About

These are the stories that inspired Circle de Luz

 

Asheville  All in admissions lounge

This is the hard news: 
- Forty-one percent of Latinas do not graduate with their class in four years.                                                   

- A third of Latinas who dropped out cited marriage or pregnancy as the reason.                                          

- Fifty-three of Latinas will become pregnant at least once before the age of 20.                                         

- Adolescent girls who had a serious school failure- like dropping out- are significantly more likely to suffer a severe bout of depression.  In fact, thirty-three percent of girls who drop out later become depressed.  Researchers believe this might be because girls more acutely suffer the worst consequences after dropping out like higher poverty levels, higher dependence on public assistance, and lower rates of job stability.                                                                                                                                                        

Latinas between the ages of 12-17 are more likely to attempt to take their life than any other group.  Twenty-five percent say they have thought about it.  Fifteen percent have attempted suicide.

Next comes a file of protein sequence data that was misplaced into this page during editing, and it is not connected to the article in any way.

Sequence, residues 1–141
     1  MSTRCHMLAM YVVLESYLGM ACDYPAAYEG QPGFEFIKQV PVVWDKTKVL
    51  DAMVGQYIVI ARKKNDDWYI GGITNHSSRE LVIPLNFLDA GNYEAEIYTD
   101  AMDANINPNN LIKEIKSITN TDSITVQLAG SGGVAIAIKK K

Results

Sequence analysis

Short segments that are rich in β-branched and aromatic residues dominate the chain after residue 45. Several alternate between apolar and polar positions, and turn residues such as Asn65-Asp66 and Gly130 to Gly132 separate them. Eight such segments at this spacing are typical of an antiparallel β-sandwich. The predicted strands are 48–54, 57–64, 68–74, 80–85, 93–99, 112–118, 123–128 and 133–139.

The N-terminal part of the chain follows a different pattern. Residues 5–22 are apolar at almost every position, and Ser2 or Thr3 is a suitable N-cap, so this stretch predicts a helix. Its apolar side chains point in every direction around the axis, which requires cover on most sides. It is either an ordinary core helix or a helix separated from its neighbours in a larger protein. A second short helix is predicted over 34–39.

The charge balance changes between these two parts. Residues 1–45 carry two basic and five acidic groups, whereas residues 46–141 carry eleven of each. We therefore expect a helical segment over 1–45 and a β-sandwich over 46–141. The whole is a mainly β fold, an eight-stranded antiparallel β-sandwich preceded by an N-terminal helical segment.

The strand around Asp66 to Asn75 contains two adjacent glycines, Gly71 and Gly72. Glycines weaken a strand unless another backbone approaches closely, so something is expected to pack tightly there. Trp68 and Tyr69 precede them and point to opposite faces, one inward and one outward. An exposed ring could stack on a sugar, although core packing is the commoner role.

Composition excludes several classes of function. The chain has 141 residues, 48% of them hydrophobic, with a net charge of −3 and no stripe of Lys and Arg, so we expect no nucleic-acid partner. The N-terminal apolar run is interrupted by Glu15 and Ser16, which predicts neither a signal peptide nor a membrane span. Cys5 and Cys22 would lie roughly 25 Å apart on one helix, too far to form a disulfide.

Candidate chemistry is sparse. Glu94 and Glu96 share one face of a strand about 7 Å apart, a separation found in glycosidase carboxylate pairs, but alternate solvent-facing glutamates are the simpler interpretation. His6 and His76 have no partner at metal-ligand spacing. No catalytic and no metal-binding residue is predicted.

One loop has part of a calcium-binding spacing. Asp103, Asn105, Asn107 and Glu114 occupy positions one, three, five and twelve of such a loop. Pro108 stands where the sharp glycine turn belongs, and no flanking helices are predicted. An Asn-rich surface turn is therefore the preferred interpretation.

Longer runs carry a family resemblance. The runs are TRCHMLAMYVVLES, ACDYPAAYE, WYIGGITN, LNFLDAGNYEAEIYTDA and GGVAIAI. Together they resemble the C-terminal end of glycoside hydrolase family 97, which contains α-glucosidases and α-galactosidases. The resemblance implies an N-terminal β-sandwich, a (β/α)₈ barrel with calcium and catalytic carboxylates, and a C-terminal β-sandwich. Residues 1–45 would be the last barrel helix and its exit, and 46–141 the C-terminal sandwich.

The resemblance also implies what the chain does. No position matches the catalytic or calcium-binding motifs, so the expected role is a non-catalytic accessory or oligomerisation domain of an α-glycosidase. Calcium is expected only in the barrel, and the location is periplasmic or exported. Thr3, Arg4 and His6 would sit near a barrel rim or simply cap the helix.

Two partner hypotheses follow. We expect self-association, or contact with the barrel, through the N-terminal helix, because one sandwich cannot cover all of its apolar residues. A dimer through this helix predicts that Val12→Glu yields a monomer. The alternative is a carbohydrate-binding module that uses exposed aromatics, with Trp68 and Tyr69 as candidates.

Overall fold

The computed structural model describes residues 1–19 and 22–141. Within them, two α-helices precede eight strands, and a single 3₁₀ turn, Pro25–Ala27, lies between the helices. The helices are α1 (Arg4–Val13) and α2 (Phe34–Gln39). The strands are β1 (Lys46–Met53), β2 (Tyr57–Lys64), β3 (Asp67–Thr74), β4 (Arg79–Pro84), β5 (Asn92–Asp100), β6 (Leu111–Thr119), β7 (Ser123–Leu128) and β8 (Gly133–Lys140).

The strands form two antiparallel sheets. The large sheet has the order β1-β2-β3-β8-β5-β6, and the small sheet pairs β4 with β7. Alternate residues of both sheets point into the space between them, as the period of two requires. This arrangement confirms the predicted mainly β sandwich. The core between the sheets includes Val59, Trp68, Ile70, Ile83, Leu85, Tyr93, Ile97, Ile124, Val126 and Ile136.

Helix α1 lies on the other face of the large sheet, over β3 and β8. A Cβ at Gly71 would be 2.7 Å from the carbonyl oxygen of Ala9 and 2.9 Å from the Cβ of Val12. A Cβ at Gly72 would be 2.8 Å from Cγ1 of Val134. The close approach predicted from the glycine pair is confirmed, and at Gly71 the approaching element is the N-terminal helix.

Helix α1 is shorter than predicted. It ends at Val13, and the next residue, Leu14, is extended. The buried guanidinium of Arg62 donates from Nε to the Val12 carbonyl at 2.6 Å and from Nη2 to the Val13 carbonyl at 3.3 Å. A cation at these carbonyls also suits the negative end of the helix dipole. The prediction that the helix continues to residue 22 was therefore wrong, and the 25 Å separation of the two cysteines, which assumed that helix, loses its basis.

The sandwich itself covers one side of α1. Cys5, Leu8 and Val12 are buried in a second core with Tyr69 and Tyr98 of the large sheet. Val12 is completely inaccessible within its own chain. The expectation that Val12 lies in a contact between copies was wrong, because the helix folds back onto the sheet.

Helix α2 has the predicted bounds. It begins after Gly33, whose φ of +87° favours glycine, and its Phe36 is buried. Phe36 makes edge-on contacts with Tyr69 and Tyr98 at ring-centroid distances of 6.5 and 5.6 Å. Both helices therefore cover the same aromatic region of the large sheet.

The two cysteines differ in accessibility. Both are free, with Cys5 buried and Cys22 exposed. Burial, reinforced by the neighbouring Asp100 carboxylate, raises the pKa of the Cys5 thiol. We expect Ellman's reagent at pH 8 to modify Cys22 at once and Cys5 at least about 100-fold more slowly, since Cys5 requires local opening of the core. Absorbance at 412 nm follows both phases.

- Dropouts have an average annual income of $22,000. High school graduates will earn an additional $300,000 over the course of their career. College graduates will earn $2.1million in a lifetime.

This is the good news:

Girls with long-term plans or educational aspirations have more hope for the future, are less likely to get pregnant, and become more engaged in school and related activities—all factors making it more likely that they will graduate from high school and make it to college.

Research has shown that a relationship with a caring adult helps students stay in school and graduate.

We want to invite you to be part of that good news.

Launched in 2008, Circle de Luz radically empowers young Latinas by supporting their transformation through extensive mentoring, holistic programming and scholarship funds for further education.  Circle de Luz not only gives girls the financial means to pursue an educational program of their choice after high school graduation, it also provides the girls with six years of dynamic programming and mentoring.

Born of a common commitment to leveling the field for under-resourced Latinas, Circle de Luz began with a small group of volunteers in 2008. Five years later we have three active classes and will be adding a fourth this fall. We begin working with our girls in seventh grade and continue through their graduation from high school. We coordinate approximately 50 meaningful programs per year for our members. We have grown from an all-volunteer working board, to a professionally staffed program and have received funding support from, among others, Social Venture Partners, the Arts and Science Council, Wells Fargo, Hispanics in Philanthropy, the Charlotte Mecklenburg Community Foundation and Target.

See our 501(c)(3) designation here.

 

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